Ryff: If someone’s interested in it, there’s a lot of website and literature that talk about it. It’s real, I mean FEMA camps are real and the fluoride in the water is real. You know, there’s a reason why the government doesn’t want you smoking pot and taking acid and eating mushrooms. I mean, there’s reasons for all that. That may be the only one that we dug in upon, but we believe in many other theories that we haven’t sung about. There are some on the next record, but I don’t think we touch upon any others this time around.

Showbams: “Walk Through Fire” alludes to a Charles Bukowski work and that Wade, you are a fan of 20th-century authors and the whole Beat movement. What other artists do you draw inspiration from and contribute to the overall sound of RACES?

Ryff: For that record, I was really inspired a lot by Leonard Cohen, Patty Smith and Television, musically. Even Bob Marley in a sense of instrumentation, in that Leonard Cohen and Bob Marley’s bands had the girls who sing backup vocals with them. I get more influenced by poets and authors than I do music lyricists, like Pablo Neruda, Bukowski and Scott Fitzgerald. Those were all people I was really interested in when I was writing lyrics to the record. So, there are some lines that are just stolen, grabbed straight from them. It’s public domain now.

Ventura: Me being the drummer of the band, my influences tend to revolve around things like that. I tend to freak out most often about Mick Fleetwood and Fleetwood Mac, that kind of stuff. I feel like the Lakers have been a very large influence on the band.

Showbams: How do you feel about the new coach and Magic’s involvement? I thought Phil was going to come back.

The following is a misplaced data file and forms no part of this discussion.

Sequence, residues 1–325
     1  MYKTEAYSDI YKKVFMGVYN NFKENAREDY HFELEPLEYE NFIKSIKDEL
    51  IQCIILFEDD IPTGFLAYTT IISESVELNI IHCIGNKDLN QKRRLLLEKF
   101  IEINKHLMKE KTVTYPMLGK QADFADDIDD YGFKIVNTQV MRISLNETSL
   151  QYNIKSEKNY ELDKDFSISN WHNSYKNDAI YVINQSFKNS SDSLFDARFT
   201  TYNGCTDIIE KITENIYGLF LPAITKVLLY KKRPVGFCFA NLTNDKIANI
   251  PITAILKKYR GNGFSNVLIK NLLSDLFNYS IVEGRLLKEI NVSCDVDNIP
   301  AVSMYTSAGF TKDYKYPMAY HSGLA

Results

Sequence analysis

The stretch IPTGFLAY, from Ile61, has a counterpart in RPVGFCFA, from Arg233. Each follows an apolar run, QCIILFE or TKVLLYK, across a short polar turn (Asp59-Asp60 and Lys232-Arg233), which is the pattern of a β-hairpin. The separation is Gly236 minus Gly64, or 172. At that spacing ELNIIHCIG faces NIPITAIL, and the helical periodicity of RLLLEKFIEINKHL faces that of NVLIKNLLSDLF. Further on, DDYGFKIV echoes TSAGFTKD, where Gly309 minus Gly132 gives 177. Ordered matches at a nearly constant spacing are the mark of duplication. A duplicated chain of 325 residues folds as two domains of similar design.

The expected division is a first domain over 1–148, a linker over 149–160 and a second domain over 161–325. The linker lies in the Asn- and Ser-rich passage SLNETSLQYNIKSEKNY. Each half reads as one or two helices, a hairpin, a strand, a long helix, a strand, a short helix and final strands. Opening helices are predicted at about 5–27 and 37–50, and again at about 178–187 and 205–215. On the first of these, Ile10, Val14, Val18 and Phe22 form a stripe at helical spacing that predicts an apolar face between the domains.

Ryff: Yeah, there was no coincidence that as soon as the old coach left, we were able to replace him. I thought Phil was going to come back, too. I thought Jack Nicholson was going to maybe come coach the team. I thought Scottie Pippen was going to assistant coach, but that didn’t happen either.

Showbams: I know that your original formation was called Black Jesus. What called for the switch in name, and how did you decide on RACES?

Ventura: It wasn’t really working to our advantage, not a really good name. But, you know what’s coincidental and humorous is that we go from Black Jesus to RACES and almost everyone incidentally hears it as “racists.” Then, there’s the pun.

Showbams: Amidst touring to promote the album, you guys have been a part of a lot of festivals including South by Southwest and San Diego Music Thing, but you guys were also a part of the production of Swan Lake, A Contemporary Rock Version. What brought you into that?

Ryff: The girl that organizes it, Sheena, is a good friend of ours and asked us if we wanted to be a part of it, and it was cool. Act 2 was our act and they used a few of our songs and it was awesome seeing ballet done to your music. Not something you get to see all the time, it was definitely a unique experience.

Showbams: Your website states that you’re already at work on your next album, in which you’ve been quoted as saying it “won’t be so much about a girl.” What type of material should we expect? Do you feel like there is any difference in direction musically, and do you feel like you’ve been able to exorcise the past demons of vulnerability during your 20’s and seek out new beginnings?

Ryff: Yeah, I don’t know what it’s going to be like. I was just thinking tonight about the songs and feeling like I need to start all over again. So, I don’t know. Some days I feel like I’ve got it figured out and know what the next record’s going to be. Then, other days I don’t know, but it’s going to be really good! I think it’ll be an extension of what we’re doing. I don’t think it’ll stray very far. It’s going to sound like RACES. I think it will be more fine-tuned and maybe explore some new territory. So far, the new stuff lyrically is more tongue in cheek. Everything is kind of disturbingly playful.